In the final installment of Sally Christie’s “tantalizing” (New York Daily News) Mistresses of Versailles trilogy, Jeanne Becu, a woman of astounding beauty but humble birth, works her way from the grimy back streets of Paris to the palace of Versailles, where the aging King Louis XV has become a jaded and bitter old philanderer. Jeanne bursts into his life and, as the Comtesse du Barry, quickly becomes his official mistress. 

“That beastly bourgeois Pompadour was one thing; a common prostitute is quite another kettle of fish.” After decades of suffering the King’s endless stream of Royal Favorites, the princesses of the Court have reached a breaking point. Horrified that he would bring the lowborn Comtesse du Barry into the hallowed halls of Versailles, Louis XV’s daughters, led by the indomitable Madame Adelaide, vow eternal enmity and enlist the young dauphiness Marie Antoinette in their fight against the new mistress. But as tensions rise and the French Revolution draws closer, a prostitute in the palace soon becomes the least of the nobility’s concerns. 

Told in Christie’s witty and engaging style, the final book in The Mistresses of Versailles trilogy will delight and entrance fans as it once again brings to life the sumptuous and cruel world of eighteenth century Versailles, and France as it approaches irrevocable change.


Sisters of Versailles - Sally Christie Sally Christie is the author of The Sisters of Versailles and The Rivals of Versailles. She was born in England and grew up around the world, attending eight schools in three different languages. She spent most of her career working in international development and currently lives in Toronto.

Learn more her Versailles trilogy on her website Become a fan to hear about her next novels!

Visit her Facebook Page Check her Pinterest page

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You can enter the global giveaway here or on any other book blogs participating in this tour. Be sure to follow each participant on Twitter/Facebook, they are listed in the entry form below.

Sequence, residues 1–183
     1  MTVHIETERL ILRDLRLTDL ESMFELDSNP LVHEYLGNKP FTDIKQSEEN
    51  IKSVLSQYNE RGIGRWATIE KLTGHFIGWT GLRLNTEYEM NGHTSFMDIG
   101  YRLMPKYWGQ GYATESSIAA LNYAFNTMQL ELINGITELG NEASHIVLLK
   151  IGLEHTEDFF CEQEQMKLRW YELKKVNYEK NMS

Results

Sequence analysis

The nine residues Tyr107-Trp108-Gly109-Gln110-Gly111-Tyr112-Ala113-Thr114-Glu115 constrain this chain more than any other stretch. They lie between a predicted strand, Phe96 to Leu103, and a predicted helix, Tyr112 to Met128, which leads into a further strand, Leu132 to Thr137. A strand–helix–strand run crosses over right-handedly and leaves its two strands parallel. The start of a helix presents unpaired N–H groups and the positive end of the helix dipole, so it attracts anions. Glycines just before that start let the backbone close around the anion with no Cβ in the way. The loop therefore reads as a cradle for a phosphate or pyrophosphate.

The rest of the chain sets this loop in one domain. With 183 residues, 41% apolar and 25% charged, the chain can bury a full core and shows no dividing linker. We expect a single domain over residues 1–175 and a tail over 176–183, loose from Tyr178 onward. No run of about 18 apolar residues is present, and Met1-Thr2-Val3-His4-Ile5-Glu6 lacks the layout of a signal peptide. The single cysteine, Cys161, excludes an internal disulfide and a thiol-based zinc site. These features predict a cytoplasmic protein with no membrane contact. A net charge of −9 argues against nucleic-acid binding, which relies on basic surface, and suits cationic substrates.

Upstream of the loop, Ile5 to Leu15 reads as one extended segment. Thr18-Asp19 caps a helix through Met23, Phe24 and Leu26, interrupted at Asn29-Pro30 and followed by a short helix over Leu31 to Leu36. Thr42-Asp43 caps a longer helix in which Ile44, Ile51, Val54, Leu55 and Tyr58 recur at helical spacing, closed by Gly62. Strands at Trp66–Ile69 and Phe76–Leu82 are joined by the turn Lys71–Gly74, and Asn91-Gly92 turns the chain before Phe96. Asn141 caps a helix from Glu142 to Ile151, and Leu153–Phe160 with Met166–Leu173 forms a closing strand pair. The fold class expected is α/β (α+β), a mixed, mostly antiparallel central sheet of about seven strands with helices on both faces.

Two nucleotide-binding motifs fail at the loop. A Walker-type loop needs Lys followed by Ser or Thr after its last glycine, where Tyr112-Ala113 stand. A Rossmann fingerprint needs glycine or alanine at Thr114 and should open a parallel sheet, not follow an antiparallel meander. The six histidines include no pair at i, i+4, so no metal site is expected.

Visit each blogger on the tour: tweeting about the giveaway everyday of the Tour will give you 5 extra entries each time! [just follow the directions on the entry-form] Global giveaway - for US residents 5nly 5 winners of a print copy




Tuesday, 21 March 2017

Girl in Disguise by Greer Macallister

Girl in Disguise by Greer Macallister
My rating: 2 of 5 stars

For the first female Pinkerton detective, respect is hard to come by. Danger, however, is not.

In the tumultuous years of the Civil War, the streets of Chicago offer a woman mostly danger and ruin-unless that woman is Kate Warne, the first female Pinkerton detective and a desperate widow with a knack for manipulation.

Descending into undercover operations, Kate is able to infiltrate the seedy side of the city in ways her fellow detectives can't. She's a seductress, an exotic foreign medium, or a rich train passenger, all depending on the day and the robber, thief, or murderer she's been assigned to nab.

Inspired by the real story of Kate Warne, this spirited novel follows the detective's rise during one of the nation's greatest times of crisis, bringing to life a fiercely independent woman whose forgotten triumphs helped sway the fate of the country.


Girl in Disguise, a book about the first the first female Pinkerton detective did sound like a fantastic book idea and I was thrilled to read it. I especially liked that the book is inspired by the real life on Kate Warne, a female Pinkerton detective who sadly we don't know much about.